University of San Francisco, USA
Scientific Tracks Abstracts: J Chromatogr Sep Tech
Synchrotron multiplexed photoionization mass spectrometry has proven to be a powerful and reliable experimental technique to probe precise reactions relevant to both combustion and atmospheric chemistry by characterizing products and intermediates, energetically via photoionization spectra and kinetically via time traces. The versatility of a side-sample flow tube reactor employing flash photolysis initiation of the reactions has been satisfactorily proven in recent years. The continuously tunable synchrotron radiation is employed as the photoionization source. The synchrotron multiplexed photoionization mass spectrometer at the advanced light source (ALS) of Lawrence Berkeley National Laboratory will be described and specific examples will be presented. As a result of the multiplexing capabilities of this apparatus, each set of data comprises a threedimensional data block of time, mass-to-charge ratio, and photon energy as function of ion intensity. The reaction is initiated when the photolysis laser is fired, i.e., this corresponds to the reaction starting time t0. The species generated in the reactions can be followed in time and energy to provide kinetic traces and photoionization (PI) spectra, which is a plot of the ion signal of a chosen mass-to-charge ratio versus the photon energy. The PI plots are of great importance in product identification because each species has specific Franck-Condon factors that translate into different shapes of the photoionization spectra. In addition, photoionization spectra not only assist in product identification, but also provide information relating to the relative concentrations of products of interest through the measurement of their photoionization cross-sections.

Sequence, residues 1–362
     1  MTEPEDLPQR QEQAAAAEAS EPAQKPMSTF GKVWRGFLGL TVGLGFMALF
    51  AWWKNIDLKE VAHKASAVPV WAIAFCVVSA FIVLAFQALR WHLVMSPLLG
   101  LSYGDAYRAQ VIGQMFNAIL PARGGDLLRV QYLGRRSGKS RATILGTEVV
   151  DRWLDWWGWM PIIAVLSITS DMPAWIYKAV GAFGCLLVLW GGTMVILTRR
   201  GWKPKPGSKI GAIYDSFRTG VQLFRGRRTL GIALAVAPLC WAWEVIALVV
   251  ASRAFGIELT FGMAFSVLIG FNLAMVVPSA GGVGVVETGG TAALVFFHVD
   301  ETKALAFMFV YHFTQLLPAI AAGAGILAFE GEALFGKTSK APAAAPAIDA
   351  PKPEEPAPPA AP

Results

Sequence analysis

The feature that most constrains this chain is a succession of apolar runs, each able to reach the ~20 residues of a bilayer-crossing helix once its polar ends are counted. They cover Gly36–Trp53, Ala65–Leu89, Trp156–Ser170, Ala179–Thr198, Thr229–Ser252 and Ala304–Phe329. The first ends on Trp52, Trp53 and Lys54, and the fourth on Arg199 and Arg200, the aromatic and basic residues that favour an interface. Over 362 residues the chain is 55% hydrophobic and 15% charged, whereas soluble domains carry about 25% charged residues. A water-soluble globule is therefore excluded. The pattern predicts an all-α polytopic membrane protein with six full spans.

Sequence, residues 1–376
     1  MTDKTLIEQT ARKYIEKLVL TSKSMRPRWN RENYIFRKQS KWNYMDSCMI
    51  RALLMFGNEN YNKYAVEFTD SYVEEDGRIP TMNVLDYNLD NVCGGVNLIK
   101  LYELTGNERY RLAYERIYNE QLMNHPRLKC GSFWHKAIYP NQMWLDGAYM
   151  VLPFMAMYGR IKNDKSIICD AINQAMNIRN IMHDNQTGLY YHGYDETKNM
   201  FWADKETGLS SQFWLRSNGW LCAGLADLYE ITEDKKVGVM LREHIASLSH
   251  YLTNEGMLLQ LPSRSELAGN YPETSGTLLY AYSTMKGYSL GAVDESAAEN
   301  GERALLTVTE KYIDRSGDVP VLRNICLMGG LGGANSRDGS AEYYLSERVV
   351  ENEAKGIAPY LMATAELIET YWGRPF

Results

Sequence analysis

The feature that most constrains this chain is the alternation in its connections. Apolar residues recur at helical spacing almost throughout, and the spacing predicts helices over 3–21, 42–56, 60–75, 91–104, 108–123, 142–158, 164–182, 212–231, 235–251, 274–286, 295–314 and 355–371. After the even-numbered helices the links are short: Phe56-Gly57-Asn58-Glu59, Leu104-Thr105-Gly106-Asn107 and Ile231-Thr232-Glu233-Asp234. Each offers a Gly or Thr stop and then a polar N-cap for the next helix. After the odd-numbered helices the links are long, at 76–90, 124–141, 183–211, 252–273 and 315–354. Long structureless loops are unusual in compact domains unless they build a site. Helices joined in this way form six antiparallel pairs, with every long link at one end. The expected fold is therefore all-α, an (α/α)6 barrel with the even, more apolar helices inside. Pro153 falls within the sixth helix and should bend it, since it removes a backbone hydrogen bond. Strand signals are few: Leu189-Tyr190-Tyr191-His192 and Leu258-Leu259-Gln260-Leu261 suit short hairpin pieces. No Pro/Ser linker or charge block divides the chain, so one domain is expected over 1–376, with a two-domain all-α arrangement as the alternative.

Giovanni Meloni is a Professor, Chemistry Department Chair and a Physical Chemist. Prior to joining the University of San Francisco, he carried out Post-doctoral research at the University of California, Berkeley and at Sandia National Laboratories. In this research, he used state-of-the-art techniques, both experimental and computational, to study transition states, semiconductor clusters, and van der Waals species employing anion photoelectron spectroscopy, and hydrocarbon radicals using pulsedlaser photolytic initiation and continuous-laser absorption detection. His current research interests range from high-temperature physical chemistry to spectroscopic characterization of reaction intermediates important to atmospheric and combustion chemistry, especially focusing on biofuel molecules.